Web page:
With everyone watching their pennies these days, more and more families are turning to gardening to reduce grocery bills and spend some inexpensive family time outdoors. But if you've never gardened before, figuring out where to start and how to involve your children can be intimidating.

With everyone watching their pennies these days, more and more families are turning to gardening to reduce grocery bills and spend some inexpensive family time outdoors. But if you've never gardened before, figuring out where to start and how to involve your children can be intimidating.

Don't worry, local experts say. Plants are forgiving, and by following a few easy steps, you and your children will have fun and come to love gardening together.

"The first thing would be to start small," said Cory Skurdal, master gardener program assistant with the Ohio State University Extension in Franklin County. "That's pretty much what I tell anyone who has never gardened before." Skurdal recommends introducing children to gardening by growing vegetables in pots, rather than turning over a large patch of ground in the back yard. That way, he said, you won't have to worry about weeds and plant diseases as much and your chances of success will increase. Container gardens do require more frequent watering, he said. But watering is an activity most kids really enjoy and can do on their own, he said.

Just remember to use containers with good drainage and clean soil, said Bill Maynard, vice president of the Columbus-based American Community Gardening Association. Even if you intend to grow your vegetables in a larger garden, Maynard said it's a good idea to start your plants in small containers and transfer them to the ground later. He recommends paper cups or old milk cartons for the job. Because children are naturally curious, Maynard said it can be easy to get them into the garden. "It's usually not a problem to get your kids to play in the dirt, so one of the first steps is to let them know that sometimes, it's okay to get a little dirty."

Gardening requires some patience, something kids may struggle with. So Eric Pawlowski, farm manager at the Shepherd's Corner Farm in Blacklick, recommends starting out with plants that bear produce quickly. For example, radishes can be ready to eat in as little as 28 days, and some leaf lettuces and spinaches can go from seeds to plate in just 45 to 50 days, he said.

Pawlowski said he tries to engage the children that visit the farm, run by the Dominican Sisters of Peace, by growing plant varieties that challenge their ideas of what vegetables should look and taste like. For example, he makes sure to grow orange and yellow tomatoes of various shapes alongside the round red tomatoes his guests are used to seeing in the supermarket. And children are always surprised, he said, when they bite into a yellow stone carrot and find out just how sweet it is. "You have to get them out of those comfort zones."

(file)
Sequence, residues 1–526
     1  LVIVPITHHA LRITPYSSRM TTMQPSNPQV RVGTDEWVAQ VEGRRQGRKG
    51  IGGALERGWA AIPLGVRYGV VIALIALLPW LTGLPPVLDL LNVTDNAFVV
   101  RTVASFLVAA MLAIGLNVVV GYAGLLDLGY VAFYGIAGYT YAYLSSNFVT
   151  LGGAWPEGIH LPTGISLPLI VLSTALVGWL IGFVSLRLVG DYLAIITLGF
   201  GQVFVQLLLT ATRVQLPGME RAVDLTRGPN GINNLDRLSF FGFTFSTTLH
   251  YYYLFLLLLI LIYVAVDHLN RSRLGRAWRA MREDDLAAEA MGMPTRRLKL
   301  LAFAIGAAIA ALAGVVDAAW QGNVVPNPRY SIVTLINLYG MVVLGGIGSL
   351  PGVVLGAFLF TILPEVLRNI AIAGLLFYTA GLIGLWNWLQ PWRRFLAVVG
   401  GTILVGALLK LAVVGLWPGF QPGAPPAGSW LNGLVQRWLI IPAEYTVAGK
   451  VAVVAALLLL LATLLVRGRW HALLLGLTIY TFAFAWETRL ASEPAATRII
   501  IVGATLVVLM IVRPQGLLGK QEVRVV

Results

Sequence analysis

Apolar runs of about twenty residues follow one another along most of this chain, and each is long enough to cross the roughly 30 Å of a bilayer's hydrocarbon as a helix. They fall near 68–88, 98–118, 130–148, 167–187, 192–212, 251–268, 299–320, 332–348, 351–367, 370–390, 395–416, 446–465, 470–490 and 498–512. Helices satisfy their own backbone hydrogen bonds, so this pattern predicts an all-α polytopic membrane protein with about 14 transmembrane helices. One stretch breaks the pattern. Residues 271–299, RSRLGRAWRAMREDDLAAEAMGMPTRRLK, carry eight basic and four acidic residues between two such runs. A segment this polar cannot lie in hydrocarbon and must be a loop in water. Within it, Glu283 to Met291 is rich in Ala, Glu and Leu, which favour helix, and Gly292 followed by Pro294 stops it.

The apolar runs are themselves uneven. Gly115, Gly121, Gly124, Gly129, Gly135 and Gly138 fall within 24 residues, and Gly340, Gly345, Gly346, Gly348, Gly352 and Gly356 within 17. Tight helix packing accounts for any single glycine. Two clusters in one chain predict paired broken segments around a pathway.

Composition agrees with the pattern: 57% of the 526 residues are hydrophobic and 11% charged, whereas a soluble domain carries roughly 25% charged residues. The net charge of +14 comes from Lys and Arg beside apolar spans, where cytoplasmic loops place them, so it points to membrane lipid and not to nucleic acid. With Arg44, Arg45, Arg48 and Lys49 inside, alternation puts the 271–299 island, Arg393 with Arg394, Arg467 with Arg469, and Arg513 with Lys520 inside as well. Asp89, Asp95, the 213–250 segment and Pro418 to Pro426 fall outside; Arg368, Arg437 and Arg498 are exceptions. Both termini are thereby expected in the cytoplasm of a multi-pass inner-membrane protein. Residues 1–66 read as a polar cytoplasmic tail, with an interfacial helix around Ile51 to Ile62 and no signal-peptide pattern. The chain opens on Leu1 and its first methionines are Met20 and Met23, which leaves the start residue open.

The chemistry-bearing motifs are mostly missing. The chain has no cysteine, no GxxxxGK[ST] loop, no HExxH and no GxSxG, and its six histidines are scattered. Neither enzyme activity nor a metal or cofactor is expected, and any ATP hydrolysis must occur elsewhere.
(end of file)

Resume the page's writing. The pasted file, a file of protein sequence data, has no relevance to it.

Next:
At the same time, Maynard said, "It is very important to plant what they like to eat, so they can see it growing and understand where it comes from." And when selecting plants, Skurdal recommends selecting varieties that are naturally disease-resistant. If they are, it will typically say so on the label, he said.

Once you know what you want to plant and where you want to plant it, the number one rule of gardening, Pawlowski said, is to keep everyone safe when handling garden tools. "I'm a good farmer," he said. "Why? Because I have all my fingers."

"You need to start off with a healthy respect for the damage these tools can cause you, your neighbor and the earth," Pawlowski continued. "There is a proper way to handle a rake and a hoe. All (children) know is that the seven dwarfs throw it over the shoulder. That is poor form when you are working around other people." And skip the cute "kiddie" garden tools on the market and opt instead for scaled-down professional tools, Pawlowski said. The items made for children look like fun, but tend to bend and break. That frustrates kids and may lead them to give up, he said.

"Basic hand trowels and cultivators - that's what I issue to anyone in fifth grade or below," Pawlowski said. "That way, they are right there in close proximity to where they are working. Being right there working on the one square foot in front of you is important for younger kids because there is a lot of activity happening in that area."


Miriam L. Segaloff lives in Gahanna with her husband and daughter. She has more than 17 years' experience in writing, editing and communications.